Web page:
Dr. Clive O. Callender is a legendary Howard University transplant surgeon. In the early 1970s, Dr. Callender began developing the first minority-directed dialysis and transplant center in the country at Howard University Hospital. In 1991, Dr. Callender conceptualized and founded the National Minority Organ Tissue Transplant Education Program (MOTTEP) for the purpose of increasing minority donation rates nationally. The organization has been widely heralded for its public awareness campaigns directed at minority communities. “One of things I learned early on [in my career] was that there was a shortage of donors and a complexity in this shortage of donors, and that minorities and African-Americans were rarely donors,” Callender said. “This then became the quest for me because I had a rich experience as a church person, and I thought that this was something I should try to do. Yes, it was an impossible dream. But then, in my life, the impossible often became possible. So, this became the challenge that I took up.”



Actor Grizz Chapman was diagnosed with high blood pressure which damaged his kidneys. When he was diagnosed with kidney cancer, his kidneys failed. He underwent dialysis treatments three time per week while filming 30 Rock (with co-star Tracy Morgan who would later go on to experience kidney failure as well!) He lost over 160 pounds and underwent a kidney transplant in 2010. He was a spokesperson for the National Kidney Foundation where he urged others to keep their blood pressure under control and get screened regularly, in addition to prioritizing diet and exercise.



Dr. Susanne Nichols, MD, MPH, PhD is a professor and physician specializing in hypertension and nephrology at UCLA where she is the chair of the Nephrology Racial Health Equity Committee. She's served as the President of the Medical Advisory Executive Committee for her local NKF office and been awarded the NKF Medical Advisory Board Distinguished Service Award. She's also received the Minority Access, Inc. National Role Model Faculty Researcher Award.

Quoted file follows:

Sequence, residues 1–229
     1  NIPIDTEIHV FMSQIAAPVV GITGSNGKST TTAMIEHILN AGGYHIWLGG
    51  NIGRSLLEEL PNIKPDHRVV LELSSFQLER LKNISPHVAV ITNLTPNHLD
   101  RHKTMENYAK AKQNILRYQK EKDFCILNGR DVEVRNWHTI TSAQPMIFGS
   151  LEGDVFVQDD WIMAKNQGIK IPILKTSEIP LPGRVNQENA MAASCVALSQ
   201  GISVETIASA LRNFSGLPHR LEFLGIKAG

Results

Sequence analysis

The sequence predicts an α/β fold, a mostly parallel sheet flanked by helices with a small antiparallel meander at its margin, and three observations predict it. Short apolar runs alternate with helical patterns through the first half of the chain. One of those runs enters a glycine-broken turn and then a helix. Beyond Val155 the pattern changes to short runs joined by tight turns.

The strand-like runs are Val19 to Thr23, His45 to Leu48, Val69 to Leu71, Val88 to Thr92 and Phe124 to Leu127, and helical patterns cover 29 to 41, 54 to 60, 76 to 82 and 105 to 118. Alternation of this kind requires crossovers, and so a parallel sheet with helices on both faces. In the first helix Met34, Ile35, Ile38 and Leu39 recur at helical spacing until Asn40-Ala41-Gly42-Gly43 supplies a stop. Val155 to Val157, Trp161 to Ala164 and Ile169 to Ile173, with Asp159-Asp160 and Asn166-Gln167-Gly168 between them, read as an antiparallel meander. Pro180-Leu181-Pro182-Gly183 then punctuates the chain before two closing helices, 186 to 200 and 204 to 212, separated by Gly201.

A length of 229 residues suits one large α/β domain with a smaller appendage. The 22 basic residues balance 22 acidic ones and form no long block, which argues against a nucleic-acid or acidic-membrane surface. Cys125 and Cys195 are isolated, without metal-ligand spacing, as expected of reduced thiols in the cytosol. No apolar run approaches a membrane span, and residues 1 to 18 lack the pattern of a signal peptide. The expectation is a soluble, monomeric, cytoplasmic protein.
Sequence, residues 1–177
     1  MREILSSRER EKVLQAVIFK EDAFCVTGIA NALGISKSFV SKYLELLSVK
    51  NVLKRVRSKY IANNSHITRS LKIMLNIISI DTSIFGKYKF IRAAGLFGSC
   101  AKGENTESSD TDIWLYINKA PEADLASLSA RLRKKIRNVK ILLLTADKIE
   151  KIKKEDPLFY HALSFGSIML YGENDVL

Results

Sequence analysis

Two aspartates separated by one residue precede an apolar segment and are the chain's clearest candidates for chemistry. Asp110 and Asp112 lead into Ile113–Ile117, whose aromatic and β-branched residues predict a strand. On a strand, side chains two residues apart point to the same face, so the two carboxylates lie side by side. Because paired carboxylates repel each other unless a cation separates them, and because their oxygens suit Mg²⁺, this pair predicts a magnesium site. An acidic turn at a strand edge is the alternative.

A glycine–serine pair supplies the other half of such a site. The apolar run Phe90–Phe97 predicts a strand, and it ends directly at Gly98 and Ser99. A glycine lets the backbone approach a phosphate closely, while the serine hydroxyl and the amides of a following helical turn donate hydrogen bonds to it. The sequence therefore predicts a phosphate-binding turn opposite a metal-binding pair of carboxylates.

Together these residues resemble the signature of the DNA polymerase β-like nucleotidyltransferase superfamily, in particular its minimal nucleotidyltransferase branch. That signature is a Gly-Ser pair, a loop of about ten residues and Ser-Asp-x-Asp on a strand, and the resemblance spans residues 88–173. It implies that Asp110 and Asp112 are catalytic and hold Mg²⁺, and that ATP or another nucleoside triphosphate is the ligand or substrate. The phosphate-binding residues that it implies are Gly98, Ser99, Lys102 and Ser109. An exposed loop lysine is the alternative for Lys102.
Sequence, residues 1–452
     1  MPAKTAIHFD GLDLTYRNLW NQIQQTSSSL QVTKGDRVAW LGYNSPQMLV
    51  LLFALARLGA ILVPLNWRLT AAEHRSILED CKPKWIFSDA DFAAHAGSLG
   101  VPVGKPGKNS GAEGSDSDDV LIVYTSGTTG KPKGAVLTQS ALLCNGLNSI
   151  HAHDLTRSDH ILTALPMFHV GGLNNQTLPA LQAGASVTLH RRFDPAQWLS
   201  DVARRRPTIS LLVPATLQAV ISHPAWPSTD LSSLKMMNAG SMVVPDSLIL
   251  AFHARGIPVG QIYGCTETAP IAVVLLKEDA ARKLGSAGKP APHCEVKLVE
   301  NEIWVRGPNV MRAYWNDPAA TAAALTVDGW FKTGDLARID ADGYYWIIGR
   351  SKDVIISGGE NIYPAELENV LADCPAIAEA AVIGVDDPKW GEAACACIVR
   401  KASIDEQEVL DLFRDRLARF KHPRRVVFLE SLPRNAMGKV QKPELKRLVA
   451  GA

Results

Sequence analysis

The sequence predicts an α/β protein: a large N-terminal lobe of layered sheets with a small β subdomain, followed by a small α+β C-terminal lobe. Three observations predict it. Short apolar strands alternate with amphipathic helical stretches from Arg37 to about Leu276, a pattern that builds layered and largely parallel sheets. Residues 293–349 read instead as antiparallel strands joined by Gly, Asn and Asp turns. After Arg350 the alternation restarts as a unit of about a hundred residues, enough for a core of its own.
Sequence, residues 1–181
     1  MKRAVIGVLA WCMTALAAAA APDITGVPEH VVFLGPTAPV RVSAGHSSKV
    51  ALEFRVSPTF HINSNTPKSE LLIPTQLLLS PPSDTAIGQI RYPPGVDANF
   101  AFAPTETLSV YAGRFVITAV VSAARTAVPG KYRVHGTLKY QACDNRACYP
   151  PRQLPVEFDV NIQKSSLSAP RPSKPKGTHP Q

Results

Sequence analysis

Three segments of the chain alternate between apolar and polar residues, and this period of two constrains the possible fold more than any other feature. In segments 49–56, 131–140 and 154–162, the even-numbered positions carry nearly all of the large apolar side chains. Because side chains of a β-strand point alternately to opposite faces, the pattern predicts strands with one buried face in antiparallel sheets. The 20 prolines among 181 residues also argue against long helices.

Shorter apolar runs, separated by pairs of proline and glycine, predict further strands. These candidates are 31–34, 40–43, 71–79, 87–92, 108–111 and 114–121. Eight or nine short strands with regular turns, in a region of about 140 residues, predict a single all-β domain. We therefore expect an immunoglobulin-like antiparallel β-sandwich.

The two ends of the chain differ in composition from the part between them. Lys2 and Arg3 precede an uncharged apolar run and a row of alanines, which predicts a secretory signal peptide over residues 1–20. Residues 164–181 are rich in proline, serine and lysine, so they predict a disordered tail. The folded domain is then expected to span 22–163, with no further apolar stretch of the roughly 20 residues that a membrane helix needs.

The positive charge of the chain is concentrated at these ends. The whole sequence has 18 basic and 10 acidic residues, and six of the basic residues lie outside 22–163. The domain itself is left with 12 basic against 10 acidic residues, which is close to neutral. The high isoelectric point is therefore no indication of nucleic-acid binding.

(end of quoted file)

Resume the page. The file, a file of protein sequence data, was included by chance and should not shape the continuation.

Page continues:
Sean Elliott is a game-winning NBA star and kidney transplant recipient who raises awareness about kidney disease. He was the first player to return to the NBA after a kidney transplant. After the 1992-93 NBA season, Sean said he found himself feeling off. At just 25 years old, he blamed it on depression after losing to the Phoenix Suns in the NBA Playoffs. “I couldn’t get out of bed for two weeks—I was very lethargic, I had started retaining all this water,” Sean said. “It finally came to a head when I woke up one morning and had trouble opening my eyes because my face was so swollen.” He was diagnosed with focal segmental glomerular sclerosis (FSGS). He says he'd experienced symptoms for years prior (namely, high blood pressure) that were explained away during routine doctors' visits. For years after his diagnosis, he continued to play basketball and live his life. Shortly after leading the San Antonio Spurs to their first NBA title in 1999, he learned that his disease had worsened and he'd need a transplant. His brother Noel was a match and stepped up to be his living donor. He'll be 25 years kidney strong this year.



Dr. Deidra Candice Crews is a professor of medicine in the nephrology division at Johns Hopkins University School of Medicine. Her research program aims to advance equity in kidney disease and hypertension outcomes by focusing on social drivers of health inequities. She is also the founding director of the Doctoral Diversity Program, a 2-year, research-intensive program at the Johns Hopkins Initiative for Careers in Science and Medicine.